Kenya’s capital, Nairobi has been ranked the top African city on innovation, the Knight Frank’s Africa Horizons Report 2021/22 indicates.
Nairobi which also ranks among the top 100 globally, pipped Cape Town for the first position, while Kampala, Cairo and Johannesburg came in at third, fourth and fifth places respectively.
Tanzania’s city of Dar es Salaam came in sixth followed by Lagos (Nigeria), Dakar (Senegal), Accra (Ghana), with Addis Ababa (Ethiopia) closing the top ten list.
According to the report released on Wednesday, April 7, 2021, the Kenyan capital offers a good balance between the number of research institutions, available innovation funding and innovative activities, as well as ease of doing business.
The survey was based on statistical modelling techniques to determine which observable variable best represented innovation, thus creating an innovation score for each city. The score comprised three components: Innovation activity, such as the total number of start-ups, Level of innovation funding and Innovation infrastructure, such as the number of research institutions.
The report indicates that Covid-19 dealt a huge blow on the African cities and the ability of the cities to emerge resilient from the pandemic is tied to their innovativeness, provision of long- term social solutions to residents, the attraction of funding and generation of new demand for space.
Despite having a high innovation score, Nairobi still has a significantly low GDP hence only attracting investors who are willing to take high risks, such as private equity investors, as lower risk investors tend to favor cities with above-average innovation score and a robust economy.
Cities with above-average innovation scores and a robust economy have the greatest potential to remain economically resilient in the long term despite undergoing short-term shocks. However, cities with a flair for innovation will prosper and grow by attracting talent, the report indicates.
The research interrogated over 100 different indicators, including data on more than 3,000 institutions across the continent. From a long list of over 500 cities, the data points were applied to 29 capital cities to determine their level of innovation and growth, hence arriving at a unique innovation score.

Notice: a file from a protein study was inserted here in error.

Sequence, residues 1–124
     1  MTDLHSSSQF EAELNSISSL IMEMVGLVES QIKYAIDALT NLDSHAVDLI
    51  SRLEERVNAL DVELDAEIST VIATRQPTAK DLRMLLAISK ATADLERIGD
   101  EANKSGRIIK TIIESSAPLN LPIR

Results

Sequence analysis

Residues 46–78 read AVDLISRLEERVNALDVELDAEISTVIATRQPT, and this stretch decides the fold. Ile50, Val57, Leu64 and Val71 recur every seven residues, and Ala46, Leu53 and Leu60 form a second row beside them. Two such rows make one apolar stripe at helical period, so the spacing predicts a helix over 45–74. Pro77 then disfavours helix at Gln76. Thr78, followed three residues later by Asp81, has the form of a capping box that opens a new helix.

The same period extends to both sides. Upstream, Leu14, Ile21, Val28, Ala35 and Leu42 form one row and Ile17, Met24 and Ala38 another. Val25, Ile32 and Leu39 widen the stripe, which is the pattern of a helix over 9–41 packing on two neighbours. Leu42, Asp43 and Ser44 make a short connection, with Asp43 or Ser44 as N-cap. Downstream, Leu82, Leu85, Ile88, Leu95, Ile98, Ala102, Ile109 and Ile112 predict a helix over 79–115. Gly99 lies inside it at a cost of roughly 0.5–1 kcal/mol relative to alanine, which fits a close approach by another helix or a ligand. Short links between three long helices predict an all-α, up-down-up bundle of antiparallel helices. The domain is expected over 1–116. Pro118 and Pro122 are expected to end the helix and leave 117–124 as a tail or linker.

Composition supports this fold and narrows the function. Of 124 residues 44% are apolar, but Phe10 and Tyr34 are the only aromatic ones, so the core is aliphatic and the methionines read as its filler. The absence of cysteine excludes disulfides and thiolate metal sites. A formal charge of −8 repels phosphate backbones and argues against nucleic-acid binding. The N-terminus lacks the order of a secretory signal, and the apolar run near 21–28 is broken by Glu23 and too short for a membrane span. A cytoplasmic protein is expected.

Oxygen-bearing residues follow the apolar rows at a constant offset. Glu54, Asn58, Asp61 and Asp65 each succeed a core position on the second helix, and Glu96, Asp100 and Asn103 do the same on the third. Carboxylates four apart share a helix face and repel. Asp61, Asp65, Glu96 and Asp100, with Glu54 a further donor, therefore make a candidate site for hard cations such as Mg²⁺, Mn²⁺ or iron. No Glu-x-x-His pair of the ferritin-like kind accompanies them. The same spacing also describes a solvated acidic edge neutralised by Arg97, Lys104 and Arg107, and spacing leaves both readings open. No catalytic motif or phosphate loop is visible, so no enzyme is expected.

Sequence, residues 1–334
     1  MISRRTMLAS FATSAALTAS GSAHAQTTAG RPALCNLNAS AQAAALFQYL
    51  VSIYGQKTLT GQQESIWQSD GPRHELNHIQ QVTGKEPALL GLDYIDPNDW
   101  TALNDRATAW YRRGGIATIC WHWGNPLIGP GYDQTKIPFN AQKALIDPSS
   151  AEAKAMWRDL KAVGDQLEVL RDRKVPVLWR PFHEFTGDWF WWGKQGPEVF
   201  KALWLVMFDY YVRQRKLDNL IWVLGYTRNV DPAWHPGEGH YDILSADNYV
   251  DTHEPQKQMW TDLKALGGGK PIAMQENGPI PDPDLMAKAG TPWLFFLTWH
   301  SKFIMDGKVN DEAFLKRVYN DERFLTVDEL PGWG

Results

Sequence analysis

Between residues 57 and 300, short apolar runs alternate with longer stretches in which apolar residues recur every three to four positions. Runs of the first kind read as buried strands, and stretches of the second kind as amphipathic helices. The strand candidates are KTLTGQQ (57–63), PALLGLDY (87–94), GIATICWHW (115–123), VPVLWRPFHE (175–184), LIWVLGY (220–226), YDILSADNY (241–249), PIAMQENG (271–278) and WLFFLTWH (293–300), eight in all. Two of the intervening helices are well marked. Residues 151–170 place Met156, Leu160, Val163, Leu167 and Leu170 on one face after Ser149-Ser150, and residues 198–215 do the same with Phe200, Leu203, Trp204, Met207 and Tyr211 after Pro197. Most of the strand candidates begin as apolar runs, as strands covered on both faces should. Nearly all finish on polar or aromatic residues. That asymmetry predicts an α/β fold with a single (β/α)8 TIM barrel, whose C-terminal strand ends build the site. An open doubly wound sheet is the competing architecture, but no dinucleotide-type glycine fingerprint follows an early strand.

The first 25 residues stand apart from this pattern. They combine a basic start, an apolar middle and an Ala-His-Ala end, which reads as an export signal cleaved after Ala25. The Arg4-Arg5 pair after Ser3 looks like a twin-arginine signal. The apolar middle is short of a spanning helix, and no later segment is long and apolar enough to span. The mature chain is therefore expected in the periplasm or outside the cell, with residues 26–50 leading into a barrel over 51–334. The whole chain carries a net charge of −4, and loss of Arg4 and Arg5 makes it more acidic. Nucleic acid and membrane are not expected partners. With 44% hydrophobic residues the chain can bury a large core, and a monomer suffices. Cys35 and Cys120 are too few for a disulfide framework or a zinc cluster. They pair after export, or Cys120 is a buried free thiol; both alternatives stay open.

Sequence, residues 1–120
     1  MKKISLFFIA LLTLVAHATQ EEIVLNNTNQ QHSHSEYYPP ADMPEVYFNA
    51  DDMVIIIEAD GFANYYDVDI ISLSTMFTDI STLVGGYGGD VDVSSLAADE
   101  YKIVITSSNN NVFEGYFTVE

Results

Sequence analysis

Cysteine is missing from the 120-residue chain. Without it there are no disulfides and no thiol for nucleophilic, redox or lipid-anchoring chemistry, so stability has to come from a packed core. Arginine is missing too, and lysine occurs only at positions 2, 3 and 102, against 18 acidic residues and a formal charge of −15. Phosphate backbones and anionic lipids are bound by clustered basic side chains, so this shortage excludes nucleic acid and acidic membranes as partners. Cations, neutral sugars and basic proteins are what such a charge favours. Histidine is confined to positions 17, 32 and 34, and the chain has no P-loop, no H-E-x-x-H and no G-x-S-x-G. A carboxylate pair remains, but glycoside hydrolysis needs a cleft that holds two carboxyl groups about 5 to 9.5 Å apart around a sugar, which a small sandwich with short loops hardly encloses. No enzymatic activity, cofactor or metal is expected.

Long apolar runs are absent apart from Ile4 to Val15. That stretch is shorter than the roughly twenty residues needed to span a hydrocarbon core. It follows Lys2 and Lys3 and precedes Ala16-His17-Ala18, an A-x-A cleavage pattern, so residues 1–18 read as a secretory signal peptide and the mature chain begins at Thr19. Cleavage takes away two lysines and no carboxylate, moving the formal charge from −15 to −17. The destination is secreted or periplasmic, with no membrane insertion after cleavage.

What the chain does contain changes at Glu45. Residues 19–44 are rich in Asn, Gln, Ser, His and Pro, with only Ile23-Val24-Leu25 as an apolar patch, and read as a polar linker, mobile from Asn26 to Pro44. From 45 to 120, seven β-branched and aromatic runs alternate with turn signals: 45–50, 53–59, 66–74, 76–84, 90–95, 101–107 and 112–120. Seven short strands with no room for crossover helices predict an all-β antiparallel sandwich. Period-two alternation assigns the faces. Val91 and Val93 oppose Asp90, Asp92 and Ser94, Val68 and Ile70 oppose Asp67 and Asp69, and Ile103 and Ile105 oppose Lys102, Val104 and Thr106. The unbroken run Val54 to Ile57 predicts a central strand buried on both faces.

Growth of Data centres
In terms of data centres capacity, leading markets such as Johannesburg and Nairobi have a total live IT power of 54.9MW and 19.04MW, respectively, compared to data centre hubs such as Dublin and London whose live IT power stands at 795.8MW and 728.25MW respectively.
Despite being home to approximately 17% of the world’s population, Africa currently accounts for less than 1% of total available global data centre capacity. The report however states that recent progress in fibre optic connectivity offers Africa the ability to leapfrog other continents, with Kenyan coastal city of Mombasa incredibly well located on sub-sea fibre links offering a gateway to Asia and, as such, will see a large amount of internet traffic working through it.
The report further states that Africa’s data centre markets are categorized into three distinct tiers; Tier one markets include Johannesburg, Cape Town and Nairobi, which are already becoming Africa’s leading data centres markets. Tier two markets are essentially cities in the most populous of countries or those with strategic positioning such as Addis Ababa, Dar es Salaam and Kampala, while Tier three markets are categorized as low population centres with relatively low ease of doing business and poor infrastructure connectivity.
Threat to African Cities
The report cited climate change as the biggest threat to the future of African cities, noting that the cities were getting warmer and extreme weather changes are going to have a direct impact on the environment within cities and increase the move towards urban migration.
The most affected areas are in the Central and Southern parts of Africa, including the capitals of Lilongwe and Lusaka.
Climate change will impact African cities in two different ways; firstly, a combination of the urban heat island effect, combined with global warming will have a direct impact on the environment within cities. Secondly, extreme weather changes in rural areas are anticipated to have an impact on agriculture as the main source of livelihood, ultimately driving more people to cities.
While commenting on the report, the Kenya National Innovation Agency’s CEO, Dr. Tonny Omwansa said the fact that Nairobi is very encouraging, did not mean that the country ranked first on Innovation. He observed that the characteristics of Nairobi should be replicated in other Kenyan cities for the country to achieve a robust innovation ecosystem.
“Nairobi was number one, but Kenya wasn’t. Therefore, for us to enhance the country’s innovation system, the characteristics of Nairobi will need to be replicated in as many Kenyan cities as possible,” said Dr. Omwansa.